However, Fed Chairman Jerome Powell at times has suggested there may be more rate hikes to come, and many Americans are just fine with that, a new poll has found.
Rising rates are generally considered an indication that the economy is doing well and pave the way for pay raises and a better return on savings, despite increased borrowing costs.
Forty-four percent of those polled by E-Trade said “a better return on my savings” was the most important effect of rising interest rates, while 37 percent said it was making “borrowing money more expensive.”
People who have savings “are smiling from ear-to-ear every time the Fed raises rates,” said Greg McBride, chief financial analyst at Bankrate.com.
Only 9 percent of those surveyed were overly concerned about the variable interest rates on their credit cards, which generally rise in lockstep with the Fed’s benchmark rate.
As a result of the increase in interest rates, savings rates — the annual percentage yield banks pay consumers on their money — are now as high as 2.4 percent, up from 0.1 percent, on average, before the Federal Reserve started increasing its benchmark rate in 2015. (You can earn even more with certificates of deposit.)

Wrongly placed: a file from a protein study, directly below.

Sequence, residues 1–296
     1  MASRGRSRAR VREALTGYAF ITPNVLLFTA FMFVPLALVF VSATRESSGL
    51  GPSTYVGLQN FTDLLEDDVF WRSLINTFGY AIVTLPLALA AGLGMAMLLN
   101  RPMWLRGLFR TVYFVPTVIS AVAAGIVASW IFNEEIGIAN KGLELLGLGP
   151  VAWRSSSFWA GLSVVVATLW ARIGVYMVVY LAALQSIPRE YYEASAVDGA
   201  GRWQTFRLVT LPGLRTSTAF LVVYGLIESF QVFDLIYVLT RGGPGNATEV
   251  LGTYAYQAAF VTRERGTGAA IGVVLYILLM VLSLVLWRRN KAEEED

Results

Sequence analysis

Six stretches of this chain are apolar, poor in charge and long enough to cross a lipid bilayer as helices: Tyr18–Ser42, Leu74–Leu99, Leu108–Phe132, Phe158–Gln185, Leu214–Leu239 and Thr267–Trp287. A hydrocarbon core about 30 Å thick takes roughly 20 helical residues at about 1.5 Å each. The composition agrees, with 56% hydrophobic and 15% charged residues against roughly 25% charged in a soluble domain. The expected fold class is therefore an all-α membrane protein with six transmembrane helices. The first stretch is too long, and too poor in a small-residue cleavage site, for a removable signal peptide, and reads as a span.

With an annual percentage yield of 2.4 percent, a $10,000 deposit earns $240 after one year. Meanwhile, investors would have lost money in the stock market over the same time period after the S&P 500 and Dow Jones Industrial Average ended last year by finishing in the red.
“Cash is going to continue to be an important contributor to a portfolio delivering returns that preserve purchasing power,” McBride said.
According to the most recent projections from individual members of the policymaking Federal Open Market Committee, there are two rate hikes likely later this year and perhaps one more after that.
E-Trade polled nearly 1,000 active investors earlier in January who have at least $10,000 in an online brokerage account.
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